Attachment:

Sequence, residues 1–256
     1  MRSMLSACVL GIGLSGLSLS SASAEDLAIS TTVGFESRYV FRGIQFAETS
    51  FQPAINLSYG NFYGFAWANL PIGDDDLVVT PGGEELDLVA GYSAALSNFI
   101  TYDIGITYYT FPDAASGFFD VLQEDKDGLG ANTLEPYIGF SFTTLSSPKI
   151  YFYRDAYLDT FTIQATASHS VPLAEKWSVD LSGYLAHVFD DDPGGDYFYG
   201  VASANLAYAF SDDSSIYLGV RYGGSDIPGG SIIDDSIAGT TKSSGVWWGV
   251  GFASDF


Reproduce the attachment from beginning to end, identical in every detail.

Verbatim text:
Sequence, residues 1–256
     1  MRSMLSACVL GIGLSGLSLS SASAEDLAIS TTVGFESRYV FRGIQFAETS
    51  FQPAINLSYG NFYGFAWANL PIGDDDLVVT PGGEELDLVA GYSAALSNFI
   101  TYDIGITYYT FPDAASGFFD VLQEDKDGLG ANTLEPYIGF SFTTLSSPKI
   151  YFYRDAYLDT FTIQATASHS VPLAEKWSVD LSGYLAHVFD DDPGGDYFYG
   201  VASANLAYAF SDDSSIYLGV RYGGSDIPGG SIIDDSIAGT TKSSGVWWGV
   251  GFASDF